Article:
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Christina Swarns of the NAACP.
Photo by Gary Cameron/Reuters.

After figuring out that the county’s bail system for people charged with low-level crimes was violating the constitution and affecting impoverished residents, Judge Lee H. Rosenthal of Federal District Court in Houston had the bail system overturned. Rosenthal demanded that Harris County stop keeping people in jail that had been arrested on misdemeanor charges because they could not pay bail.

The ruling for this case started because of a woman who was arrested for driving without a license and had to spend over two days in jail because she could not post bail.

Rosenthal cited statistics stating that 40 percent of people in the county that were arrested on misdemeanor charges had been kept in jail until their cases were resolved.

This order is temporary while the larger case makes its way through the courts. But groups that brought the case to the court have high hopes considering that the ruling was a win in the ‘overhauling the bail system’ movement that has been increasing throughout the country. Some say it represents a big change in the legal system.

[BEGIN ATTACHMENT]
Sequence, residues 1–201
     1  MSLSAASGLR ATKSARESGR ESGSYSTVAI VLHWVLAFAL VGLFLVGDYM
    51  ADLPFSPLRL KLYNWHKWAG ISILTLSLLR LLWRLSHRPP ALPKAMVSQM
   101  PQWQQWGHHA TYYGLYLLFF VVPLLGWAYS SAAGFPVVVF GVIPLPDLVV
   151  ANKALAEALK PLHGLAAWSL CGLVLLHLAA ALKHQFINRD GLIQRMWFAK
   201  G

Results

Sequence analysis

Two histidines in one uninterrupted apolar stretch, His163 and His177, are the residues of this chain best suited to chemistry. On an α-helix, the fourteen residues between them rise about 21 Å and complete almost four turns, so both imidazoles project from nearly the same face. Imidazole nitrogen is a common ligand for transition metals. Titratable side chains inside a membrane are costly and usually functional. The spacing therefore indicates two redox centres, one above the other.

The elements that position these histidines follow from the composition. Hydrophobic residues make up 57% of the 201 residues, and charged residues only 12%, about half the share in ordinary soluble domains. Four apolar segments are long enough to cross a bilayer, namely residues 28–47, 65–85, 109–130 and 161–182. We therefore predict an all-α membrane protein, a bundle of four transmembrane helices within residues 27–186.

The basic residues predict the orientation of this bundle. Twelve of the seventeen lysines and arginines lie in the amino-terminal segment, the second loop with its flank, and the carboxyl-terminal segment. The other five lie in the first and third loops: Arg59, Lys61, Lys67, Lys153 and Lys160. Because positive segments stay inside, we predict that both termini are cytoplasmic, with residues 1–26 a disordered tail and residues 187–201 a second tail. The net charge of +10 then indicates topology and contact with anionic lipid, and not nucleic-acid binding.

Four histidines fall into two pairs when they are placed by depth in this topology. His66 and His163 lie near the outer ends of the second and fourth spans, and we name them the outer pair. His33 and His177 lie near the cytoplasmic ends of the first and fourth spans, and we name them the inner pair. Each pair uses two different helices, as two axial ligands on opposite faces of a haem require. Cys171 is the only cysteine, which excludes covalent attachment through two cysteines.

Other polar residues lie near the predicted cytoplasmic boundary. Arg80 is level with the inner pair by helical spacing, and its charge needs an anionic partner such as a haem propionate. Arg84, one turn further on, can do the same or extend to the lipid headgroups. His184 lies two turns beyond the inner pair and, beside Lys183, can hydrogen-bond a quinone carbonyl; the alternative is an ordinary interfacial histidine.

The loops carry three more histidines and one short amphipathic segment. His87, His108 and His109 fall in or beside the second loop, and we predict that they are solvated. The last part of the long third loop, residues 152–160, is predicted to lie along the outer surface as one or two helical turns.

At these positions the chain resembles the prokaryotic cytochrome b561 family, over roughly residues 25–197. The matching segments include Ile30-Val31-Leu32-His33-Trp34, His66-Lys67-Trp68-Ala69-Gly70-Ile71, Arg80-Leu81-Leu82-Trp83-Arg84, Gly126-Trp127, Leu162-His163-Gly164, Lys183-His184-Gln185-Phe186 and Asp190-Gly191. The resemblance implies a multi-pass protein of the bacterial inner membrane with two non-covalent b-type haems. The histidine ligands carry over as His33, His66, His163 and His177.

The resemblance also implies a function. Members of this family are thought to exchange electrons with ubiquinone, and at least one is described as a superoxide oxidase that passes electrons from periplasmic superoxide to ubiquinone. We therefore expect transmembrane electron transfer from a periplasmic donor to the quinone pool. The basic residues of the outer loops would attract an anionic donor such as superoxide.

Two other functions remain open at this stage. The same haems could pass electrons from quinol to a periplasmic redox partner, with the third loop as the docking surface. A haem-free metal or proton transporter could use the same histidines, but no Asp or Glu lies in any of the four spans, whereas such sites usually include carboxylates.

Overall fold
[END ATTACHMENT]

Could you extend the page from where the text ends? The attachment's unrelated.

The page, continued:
The Size and Standing of Harris County Makes this Ruling Particularly Momentous.

According to Robert Soard, an assistant county attorney for Harris County, the county was looking over the court’s resolution and had not yet made a decision to appeal.

Due to extensive research and a series of lawsuits, many questions have surfaced about the efficacy and potential discrepancies based on income that the practice of demanding money as bail has presented. Several states, such as New Jersey and Colorado, have changed their bail systems. Other states are talking about changing theirs as well.

This Case Has Already Made Significant Changes to its Bail System.

Harris County Lawyers have stated that the case has already made significant changes to its bail system. They argue that the county’s policies follow Texas’ laws on criminal procedure law. They also argue that they do not go against the Constitution.

The order will come into effect on May 15. Those that have been arrested on misdemeanor charges will be interviewed about their financial state for an affidavit. Whether or not they can afford bail, those that qualify for release at a hearing have the choice of being released within 24 hours of their arrest.

On an average night, lawyers for the plaintiffs figure that around 500 people get arrested on misdemeanor charges.

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